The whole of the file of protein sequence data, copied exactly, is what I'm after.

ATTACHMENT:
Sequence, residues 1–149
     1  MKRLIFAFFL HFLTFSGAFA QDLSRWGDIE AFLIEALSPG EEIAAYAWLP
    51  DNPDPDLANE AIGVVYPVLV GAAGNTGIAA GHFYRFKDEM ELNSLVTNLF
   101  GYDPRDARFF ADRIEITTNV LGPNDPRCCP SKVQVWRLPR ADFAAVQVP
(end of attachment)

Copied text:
Sequence, residues 1–149
     1  MKRLIFAFFL HFLTFSGAFA QDLSRWGDIE AFLIEALSPG EEIAAYAWLP
    51  DNPDPDLANE AIGVVYPVLV GAAGNTGIAA GHFYRFKDEM ELNSLVTNLF
   101  GYDPRDARFF ADRIEITTNV LGPNDPRCCP SKVQVWRLPR ADFAAVQVP